There have been rumblings around the horror community for quite a while about “The Lashman”, and it is worth every whisper about it. The film is a hilarious throw back to its predecessors of slasher films, keeping the tongue in cheek humor, the over the top splatters, and the easy to follow storyline intact for the viewer. In a brief synopsis of the film, it follows a group of 5 teens heading off to a cabin for a “romantic” weekend. Of course, they are hunted down by The Lashman for being unruly teens and disturbing his peace. It follows the traditional structure of a (somewhat supernatural) slasher film.
Writer/ director Cameron McCasland really does show his love for the horror genre. His dialogue throughout the film is true to form with its witty humor and biting retorts. Also, in a blatant homage to the classics, female nudity occurs within the first two minutes of the film. Most of the characters come across as traditional stereotypes: the jock, the whore, the virgin, the nerd, etc. but the writing carries a unique quality to each one. Some of the lines are also borrowed from films that definitely inspired McCasland, including “Halloween” (1978). The overall storyline is standard and simplistic with only the plot lines of the teens and then of the cops tracking down the killer. The pacing of the film moves along more so with development of the main group taking up the majority of the first and second acts. With the relaxed pace, the film is once again harkening back to the golden era of horror films, where splash and splatter wasn’t needed in every moment of the film.
While the film is entertaining and fun, there are a few factors that give away the budget of the film. Sound is super important when it comes to exposition, and with this film, it sounds like all of the dialogue was recorded live onsite, and not touched up too much in post production. In some takes, the nature noises in the background cover up the lines and make it more difficult to understand what the characters are saying, and the sound switches with the camera angles. The actors do an excellent job with their characters, and cover most of the sound issues with their talent. The nature sounds definitely work for the film though, and do an excellent job bringing the audience into the campfire with the characters. Most notable would be Billy Prescott (David Vaughn), which is also an homage to “Scream” (1996) characters Sydney Prescott and Billy, one would assume.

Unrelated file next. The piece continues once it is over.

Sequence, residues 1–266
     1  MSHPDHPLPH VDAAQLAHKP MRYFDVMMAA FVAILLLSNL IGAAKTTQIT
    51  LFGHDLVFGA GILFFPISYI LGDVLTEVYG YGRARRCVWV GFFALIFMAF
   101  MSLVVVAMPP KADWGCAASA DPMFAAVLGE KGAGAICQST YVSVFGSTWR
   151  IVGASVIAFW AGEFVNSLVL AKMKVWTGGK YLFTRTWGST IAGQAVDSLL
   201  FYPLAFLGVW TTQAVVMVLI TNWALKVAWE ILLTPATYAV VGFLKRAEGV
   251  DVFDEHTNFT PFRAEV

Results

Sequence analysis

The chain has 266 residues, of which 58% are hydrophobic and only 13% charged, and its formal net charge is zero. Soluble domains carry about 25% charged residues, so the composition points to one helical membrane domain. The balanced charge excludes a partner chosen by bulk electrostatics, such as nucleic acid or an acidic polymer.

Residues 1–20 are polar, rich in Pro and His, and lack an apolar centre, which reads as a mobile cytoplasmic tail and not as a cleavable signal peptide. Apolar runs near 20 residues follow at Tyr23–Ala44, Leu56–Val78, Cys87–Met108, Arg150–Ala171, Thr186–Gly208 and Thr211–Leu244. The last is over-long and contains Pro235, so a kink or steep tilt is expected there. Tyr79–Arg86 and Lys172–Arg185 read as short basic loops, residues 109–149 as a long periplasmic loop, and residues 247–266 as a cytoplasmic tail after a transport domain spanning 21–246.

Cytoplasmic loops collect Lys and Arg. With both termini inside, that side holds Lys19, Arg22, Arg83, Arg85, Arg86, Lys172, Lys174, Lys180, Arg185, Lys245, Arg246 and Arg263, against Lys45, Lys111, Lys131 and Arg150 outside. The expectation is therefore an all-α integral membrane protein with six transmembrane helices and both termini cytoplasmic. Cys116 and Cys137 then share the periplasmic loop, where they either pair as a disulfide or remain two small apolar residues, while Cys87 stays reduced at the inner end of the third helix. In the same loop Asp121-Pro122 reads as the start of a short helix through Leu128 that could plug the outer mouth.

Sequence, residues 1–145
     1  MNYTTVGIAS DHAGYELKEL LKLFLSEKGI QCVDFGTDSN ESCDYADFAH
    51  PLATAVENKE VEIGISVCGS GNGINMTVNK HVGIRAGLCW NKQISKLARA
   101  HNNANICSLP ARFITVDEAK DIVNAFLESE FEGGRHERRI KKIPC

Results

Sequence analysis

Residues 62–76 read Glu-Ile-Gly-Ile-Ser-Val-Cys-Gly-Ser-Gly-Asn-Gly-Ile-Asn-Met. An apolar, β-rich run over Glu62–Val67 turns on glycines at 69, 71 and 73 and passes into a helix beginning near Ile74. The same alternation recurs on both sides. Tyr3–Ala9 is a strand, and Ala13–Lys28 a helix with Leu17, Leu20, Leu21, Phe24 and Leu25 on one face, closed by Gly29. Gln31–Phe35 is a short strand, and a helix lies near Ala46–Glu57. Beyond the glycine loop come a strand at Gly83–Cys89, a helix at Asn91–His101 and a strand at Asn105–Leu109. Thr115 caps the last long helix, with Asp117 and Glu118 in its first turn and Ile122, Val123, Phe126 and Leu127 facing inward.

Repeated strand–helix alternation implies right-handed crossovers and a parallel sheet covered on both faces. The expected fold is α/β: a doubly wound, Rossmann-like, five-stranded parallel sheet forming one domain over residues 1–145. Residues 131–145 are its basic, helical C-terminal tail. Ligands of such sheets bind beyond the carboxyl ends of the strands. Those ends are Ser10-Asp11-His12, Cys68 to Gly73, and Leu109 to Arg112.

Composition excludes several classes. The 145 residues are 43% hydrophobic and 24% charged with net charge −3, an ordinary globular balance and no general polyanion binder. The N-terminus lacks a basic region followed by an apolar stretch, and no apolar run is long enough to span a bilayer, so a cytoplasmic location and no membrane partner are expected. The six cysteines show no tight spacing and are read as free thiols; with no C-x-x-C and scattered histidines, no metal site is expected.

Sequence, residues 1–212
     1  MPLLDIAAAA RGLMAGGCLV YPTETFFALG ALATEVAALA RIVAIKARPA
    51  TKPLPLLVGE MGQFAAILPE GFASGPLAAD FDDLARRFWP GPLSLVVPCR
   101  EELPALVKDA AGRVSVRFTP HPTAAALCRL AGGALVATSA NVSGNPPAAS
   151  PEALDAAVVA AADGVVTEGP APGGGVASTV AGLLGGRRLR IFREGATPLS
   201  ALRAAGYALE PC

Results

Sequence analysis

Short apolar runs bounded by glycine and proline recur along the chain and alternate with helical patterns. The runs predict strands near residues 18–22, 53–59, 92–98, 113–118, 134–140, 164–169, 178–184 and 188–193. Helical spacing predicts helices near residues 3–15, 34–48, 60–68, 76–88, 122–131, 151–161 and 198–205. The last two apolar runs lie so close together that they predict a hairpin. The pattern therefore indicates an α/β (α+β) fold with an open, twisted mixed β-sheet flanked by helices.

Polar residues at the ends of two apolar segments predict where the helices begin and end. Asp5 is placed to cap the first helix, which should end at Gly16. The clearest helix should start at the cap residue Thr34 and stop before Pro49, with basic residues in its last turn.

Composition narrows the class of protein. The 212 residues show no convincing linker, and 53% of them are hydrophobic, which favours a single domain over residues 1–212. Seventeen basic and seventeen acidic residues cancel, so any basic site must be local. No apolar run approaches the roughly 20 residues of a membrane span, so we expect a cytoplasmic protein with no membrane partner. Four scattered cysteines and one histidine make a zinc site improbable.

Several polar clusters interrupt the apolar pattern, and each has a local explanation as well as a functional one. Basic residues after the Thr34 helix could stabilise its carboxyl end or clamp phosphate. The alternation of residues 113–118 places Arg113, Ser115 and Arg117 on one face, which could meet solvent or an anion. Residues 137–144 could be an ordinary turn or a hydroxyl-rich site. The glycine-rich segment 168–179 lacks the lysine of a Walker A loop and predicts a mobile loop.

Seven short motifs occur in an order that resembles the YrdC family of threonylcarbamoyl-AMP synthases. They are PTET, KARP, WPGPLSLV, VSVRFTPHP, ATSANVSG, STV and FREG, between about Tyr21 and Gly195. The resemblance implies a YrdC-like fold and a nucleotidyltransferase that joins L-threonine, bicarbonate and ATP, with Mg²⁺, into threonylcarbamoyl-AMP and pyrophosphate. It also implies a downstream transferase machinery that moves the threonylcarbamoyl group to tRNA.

One of the highlights of the film is definitely the “flashback” scene, which is reminiscent of “Hatchet” (2006). It serves to tell the story of The Lashman, and is set in the old west. The locations are awesome, and the production design is excellent as the audience watches how The Lashman was borne of blood and magic. During this sequence, director McCasland, in a Hitchcock like moment, also makes a quick cameo as the saloon bartender. With the cause of The Lashman told, more deaths are sure to come, but McCasland makes the audience wait, and makes it worth the while.
So talking special effects, the kill methods are quite interesting. The aspect of a whip or lash being able to penetrate the skin is exaggerated, which fits in with the tone of the film. It would have been nice to see an actual whip crack or some fancy moves from The Lashman, but without gives him more mystique. Director McCasland finds some truly innovating ways of revealing just the right amount of gore to entice the viewers, but not to oversaturate the film with blood.
Would I watch this film again? Yeehaw and heck yeah! With a fresh take of a classic idea, “The Lashman” is a spooky fun film that inspires me to watch all of the “Friday the 13th“ films- right after I finish this one again!